This trail was deemed too dangerous to drive. Here’s how you can hike it.

by | Mar 5, 2022 | Travel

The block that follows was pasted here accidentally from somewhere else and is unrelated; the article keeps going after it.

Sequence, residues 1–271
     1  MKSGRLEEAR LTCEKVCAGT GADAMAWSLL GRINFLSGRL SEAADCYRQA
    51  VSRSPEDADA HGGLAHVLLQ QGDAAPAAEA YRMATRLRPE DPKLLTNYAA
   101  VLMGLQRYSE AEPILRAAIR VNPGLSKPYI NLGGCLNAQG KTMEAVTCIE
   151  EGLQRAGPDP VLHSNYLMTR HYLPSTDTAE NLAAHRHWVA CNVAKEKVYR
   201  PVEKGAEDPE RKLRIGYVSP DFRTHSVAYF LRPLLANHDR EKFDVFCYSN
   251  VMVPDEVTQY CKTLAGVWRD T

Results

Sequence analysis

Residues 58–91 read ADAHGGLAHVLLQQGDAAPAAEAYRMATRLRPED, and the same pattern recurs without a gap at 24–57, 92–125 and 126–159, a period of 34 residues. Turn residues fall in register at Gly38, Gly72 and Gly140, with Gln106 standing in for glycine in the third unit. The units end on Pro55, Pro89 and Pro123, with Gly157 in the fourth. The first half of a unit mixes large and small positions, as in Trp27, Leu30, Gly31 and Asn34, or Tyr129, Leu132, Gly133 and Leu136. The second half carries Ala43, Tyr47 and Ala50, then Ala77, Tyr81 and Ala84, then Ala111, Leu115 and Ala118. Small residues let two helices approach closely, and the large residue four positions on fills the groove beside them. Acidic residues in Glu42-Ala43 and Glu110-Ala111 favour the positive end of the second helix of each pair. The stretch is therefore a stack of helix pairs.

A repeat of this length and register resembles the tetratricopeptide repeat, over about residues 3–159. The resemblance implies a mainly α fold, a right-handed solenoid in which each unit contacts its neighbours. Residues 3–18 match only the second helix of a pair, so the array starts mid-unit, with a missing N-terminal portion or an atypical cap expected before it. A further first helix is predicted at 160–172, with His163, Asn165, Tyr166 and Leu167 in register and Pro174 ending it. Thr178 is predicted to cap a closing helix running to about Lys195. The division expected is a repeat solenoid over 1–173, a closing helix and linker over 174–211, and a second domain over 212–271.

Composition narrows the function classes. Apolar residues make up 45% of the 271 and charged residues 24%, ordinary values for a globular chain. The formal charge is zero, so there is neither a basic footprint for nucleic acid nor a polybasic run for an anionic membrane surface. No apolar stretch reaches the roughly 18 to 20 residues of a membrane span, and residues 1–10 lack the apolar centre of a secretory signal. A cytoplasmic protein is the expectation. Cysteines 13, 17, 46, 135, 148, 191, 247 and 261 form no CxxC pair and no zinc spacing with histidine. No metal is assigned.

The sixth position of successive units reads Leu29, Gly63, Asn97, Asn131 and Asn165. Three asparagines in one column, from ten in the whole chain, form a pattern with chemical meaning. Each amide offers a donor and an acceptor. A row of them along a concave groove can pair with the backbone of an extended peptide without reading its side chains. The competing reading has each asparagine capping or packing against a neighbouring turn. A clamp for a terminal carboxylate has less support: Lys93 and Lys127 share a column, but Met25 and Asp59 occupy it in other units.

Imagine the trip from Phoenix to the Copper Corridor towns of Globe and Miami taking all day. That was the reality in the early 20th century before U.S. 60 replaced the tortuous Apache Trail route.While traffic to the Renaissance Festival in February and March sometimes still makes the trip feel like a lurching marathon, U.S. 60 shaved the drive time down to about an hour and a half.Convicts built parts of the highway, including the Claypool Tunnel near Superior, which was blasted from solid rock in the rugged cliffs above Queen Creek Canyon.While known for its fabulous views, the narrow, edge-hugging road with hairpin turns and queasy drop-offs proved too dangerous for modern travel needs. It was retooled in 1952 to its safer current alignment, which includes the slick (yet claustrophobic) Queen Creek Tunnel.But the decommissioned part of U.S. 60 didn’t just disappear. Its crumbling course, which is now on Resolution Copper property, has been repurposed into a recreational trail that’s part of the Legends of Superior Trails system.Roughly 65 miles east of Phoenix, the 11.65-mile LOST system is divided into five segments open to hiking, biking and equestrian use. Each segment explores a unique slice of Superior’s history and environmental diversity.MY PATAGONIA TRIP:’The right wheelchair will take you anywhere a pair of legs can’DON’T GO BEHIND A HORSE:How to see these Sedona rock formations from horse-friendly hiking trailsThere’s the stunning riparian corridor of Arnett Canyon with connectivity to the Arizona National Scenic Trail, a walk through the abandoned town of Pinal, and an interpretive in-town stroll among artifacts from the area’s mining and ranching heritage. But it’s the Queen Creek Canyon segment that gives a boots-on-the-ground tour of the defunct hi …
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